The most significant is visit to the Singing Towers of Darillium given extra portent after the implication that The Name of the Doctor is River’s final appearance. I bet most of you, like me, assumed that we see the moment when the Doctor turned up on her doorstep with the sonic and took her on this journey, knowing the implications and the tragedy of that, and it would be in the main show, presumably right next to his regeneration, yet here it is, or at least some of it. It’s the last time she’ll see him before he has Tennant’s face, but is this the last time he sees her? Is there a sense that he’s getting the moment over with for himself?

Never mind River flirting with the Doctor, Moffat’s flirting with the viewer, all of these unseen and unseeable adventures, that by implication keep the Doctor mysterious. Perhaps in a few decades, future fans with a license and the original actors will take it upon themselves to write and produce these stories for download, a Companion Chronicle about Jim the Fish, but actually it’s the not knowing which makes them interesting and extraordinary. As the web has demonstrated time and again when discussing story arcs with a few scant implications and ideas, consumers can often be wildly imaginative.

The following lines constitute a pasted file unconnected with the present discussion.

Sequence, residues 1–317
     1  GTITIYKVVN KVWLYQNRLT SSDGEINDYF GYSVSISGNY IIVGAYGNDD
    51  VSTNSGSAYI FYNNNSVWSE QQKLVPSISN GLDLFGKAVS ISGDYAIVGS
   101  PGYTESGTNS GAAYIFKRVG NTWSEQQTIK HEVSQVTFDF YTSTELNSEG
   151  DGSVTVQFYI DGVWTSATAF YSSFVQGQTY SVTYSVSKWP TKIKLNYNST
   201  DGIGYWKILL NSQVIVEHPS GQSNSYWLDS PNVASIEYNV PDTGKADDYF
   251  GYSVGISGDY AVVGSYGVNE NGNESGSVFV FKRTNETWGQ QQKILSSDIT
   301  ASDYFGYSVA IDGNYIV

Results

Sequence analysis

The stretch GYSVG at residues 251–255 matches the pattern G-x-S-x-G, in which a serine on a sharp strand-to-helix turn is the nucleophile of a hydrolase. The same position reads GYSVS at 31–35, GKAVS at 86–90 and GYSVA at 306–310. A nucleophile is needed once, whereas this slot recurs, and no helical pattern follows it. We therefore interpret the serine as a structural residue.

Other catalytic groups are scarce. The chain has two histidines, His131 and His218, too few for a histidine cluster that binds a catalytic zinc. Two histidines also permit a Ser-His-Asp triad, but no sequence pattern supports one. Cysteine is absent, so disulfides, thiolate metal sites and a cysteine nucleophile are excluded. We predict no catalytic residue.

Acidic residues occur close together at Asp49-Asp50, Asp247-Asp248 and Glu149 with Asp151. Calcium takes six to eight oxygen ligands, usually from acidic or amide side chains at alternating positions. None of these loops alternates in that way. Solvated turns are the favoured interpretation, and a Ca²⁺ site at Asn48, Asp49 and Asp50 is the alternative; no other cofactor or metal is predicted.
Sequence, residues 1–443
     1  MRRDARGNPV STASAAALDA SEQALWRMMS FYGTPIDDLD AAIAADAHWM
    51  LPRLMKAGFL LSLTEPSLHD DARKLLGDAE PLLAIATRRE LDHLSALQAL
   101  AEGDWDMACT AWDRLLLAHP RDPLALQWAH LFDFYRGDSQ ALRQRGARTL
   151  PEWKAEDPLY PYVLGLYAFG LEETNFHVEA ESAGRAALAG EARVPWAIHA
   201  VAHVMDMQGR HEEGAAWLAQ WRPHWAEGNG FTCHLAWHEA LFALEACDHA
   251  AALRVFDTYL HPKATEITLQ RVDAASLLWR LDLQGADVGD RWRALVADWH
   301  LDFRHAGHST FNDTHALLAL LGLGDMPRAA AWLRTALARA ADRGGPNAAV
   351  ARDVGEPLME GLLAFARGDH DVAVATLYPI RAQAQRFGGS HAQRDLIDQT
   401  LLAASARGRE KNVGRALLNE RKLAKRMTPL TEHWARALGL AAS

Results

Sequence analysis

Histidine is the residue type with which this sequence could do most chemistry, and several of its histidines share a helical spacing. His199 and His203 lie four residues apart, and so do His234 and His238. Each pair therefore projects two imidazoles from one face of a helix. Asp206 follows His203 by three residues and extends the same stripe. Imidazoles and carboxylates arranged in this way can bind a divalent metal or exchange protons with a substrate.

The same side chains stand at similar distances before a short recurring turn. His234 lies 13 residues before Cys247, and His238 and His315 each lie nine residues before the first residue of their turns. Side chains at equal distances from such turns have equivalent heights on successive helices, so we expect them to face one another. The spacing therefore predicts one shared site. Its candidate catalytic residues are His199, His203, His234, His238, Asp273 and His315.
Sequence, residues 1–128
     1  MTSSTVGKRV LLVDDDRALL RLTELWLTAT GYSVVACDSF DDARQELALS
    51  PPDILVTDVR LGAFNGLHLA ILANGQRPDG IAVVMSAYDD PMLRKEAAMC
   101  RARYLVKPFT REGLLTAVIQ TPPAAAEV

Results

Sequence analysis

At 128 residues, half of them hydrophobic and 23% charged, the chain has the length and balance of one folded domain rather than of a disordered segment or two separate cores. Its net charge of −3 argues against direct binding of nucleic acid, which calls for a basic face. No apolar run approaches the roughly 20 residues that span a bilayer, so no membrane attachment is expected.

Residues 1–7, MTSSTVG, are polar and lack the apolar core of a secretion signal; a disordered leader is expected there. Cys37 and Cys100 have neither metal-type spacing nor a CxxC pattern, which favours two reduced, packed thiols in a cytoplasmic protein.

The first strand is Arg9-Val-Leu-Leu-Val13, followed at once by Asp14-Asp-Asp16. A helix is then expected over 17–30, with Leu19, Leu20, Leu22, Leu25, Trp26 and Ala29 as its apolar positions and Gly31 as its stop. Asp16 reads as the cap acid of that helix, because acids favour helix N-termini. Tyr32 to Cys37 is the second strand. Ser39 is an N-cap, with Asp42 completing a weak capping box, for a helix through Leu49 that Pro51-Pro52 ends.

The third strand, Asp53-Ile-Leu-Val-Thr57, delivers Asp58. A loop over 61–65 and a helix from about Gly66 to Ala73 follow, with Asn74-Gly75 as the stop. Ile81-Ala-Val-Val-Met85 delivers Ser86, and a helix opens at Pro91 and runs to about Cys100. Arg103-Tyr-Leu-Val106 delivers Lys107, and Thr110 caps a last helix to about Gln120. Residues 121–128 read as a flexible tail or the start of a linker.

There are some fans who suggest that River should have remained in the library, an artefact of some incarnation in the far future, her origin a mystery and that she’s been diminished through each subsequent appearance. I both agree and disagree. It’s true that the characters in Doctor Who with the greatest narrative power are those who remain enigmatic, The Guardians, the Billis Mangers and The Shopkeepers, with their ambiguous motivations. When River was just some figure from the Doctor’s future, it’s true that she had a special power within the context of her first story, which remained right up until the broadcast of A Good Man Goes To War.

Yet for all that she’s still a mighty character and now when rewatching The Silence in the Library, there’s an agency shift which thanks to Euros Lyn’s direction and Alex Kingston’s performance seems entirely planned, in which we see a River who is heartbreakingly realising that it’s the moment she’s always feared (as she mentions to Rory in The Impossible Astronaut) when she’ll look into the Doctor’s eyes and he won’t remember her. An old episode gains a sub-plot with a whole new emotional resonance. Her line “Doctor, please tell me you know who I am.” has a whole new destructive force. There can’t be many series capable of that.